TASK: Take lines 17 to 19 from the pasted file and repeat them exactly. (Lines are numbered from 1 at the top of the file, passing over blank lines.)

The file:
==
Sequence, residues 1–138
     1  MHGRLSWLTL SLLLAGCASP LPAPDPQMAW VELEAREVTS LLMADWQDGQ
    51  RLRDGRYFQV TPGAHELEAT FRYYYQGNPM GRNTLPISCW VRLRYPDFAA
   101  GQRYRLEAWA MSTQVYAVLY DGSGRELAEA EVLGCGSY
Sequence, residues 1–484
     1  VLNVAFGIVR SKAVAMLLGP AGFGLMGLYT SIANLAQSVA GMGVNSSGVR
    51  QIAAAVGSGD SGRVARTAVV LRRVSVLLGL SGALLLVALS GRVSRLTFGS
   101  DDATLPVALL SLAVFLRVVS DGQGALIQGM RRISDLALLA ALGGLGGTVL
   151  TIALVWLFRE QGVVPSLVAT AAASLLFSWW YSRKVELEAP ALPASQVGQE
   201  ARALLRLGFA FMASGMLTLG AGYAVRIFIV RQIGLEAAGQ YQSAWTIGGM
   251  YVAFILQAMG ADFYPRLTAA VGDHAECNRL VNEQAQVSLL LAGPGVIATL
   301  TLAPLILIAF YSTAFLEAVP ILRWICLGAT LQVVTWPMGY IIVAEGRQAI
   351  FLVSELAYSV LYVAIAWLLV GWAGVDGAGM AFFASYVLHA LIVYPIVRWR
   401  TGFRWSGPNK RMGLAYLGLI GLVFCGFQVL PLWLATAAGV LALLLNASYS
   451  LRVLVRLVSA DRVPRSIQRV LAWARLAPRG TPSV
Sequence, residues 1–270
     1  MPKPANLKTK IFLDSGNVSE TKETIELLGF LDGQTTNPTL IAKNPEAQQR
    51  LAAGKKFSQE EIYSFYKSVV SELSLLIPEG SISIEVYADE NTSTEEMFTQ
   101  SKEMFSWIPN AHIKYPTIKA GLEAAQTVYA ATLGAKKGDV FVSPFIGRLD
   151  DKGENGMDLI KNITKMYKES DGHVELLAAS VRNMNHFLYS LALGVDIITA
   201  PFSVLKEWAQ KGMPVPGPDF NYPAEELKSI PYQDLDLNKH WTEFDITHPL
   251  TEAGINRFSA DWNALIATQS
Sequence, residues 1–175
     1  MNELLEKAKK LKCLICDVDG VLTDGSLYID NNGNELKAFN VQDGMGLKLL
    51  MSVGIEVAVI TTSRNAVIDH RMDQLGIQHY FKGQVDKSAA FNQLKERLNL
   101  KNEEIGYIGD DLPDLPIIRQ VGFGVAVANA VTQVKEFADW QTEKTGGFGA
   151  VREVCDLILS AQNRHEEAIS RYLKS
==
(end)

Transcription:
     1  MPKPANLKTK IFLDSGNVSE TKETIELLGF LDGQTTNPTL IAKNPEAQQR
    51  LAAGKKFSQE EIYSFYKSVV SELSLLIPEG SISIEVYADE NTSTEEMFTQ
   101  SKEMFSWIPN AHIKYPTIKA GLEAAQTVYA ATLGAKKGDV FVSPFIGRLD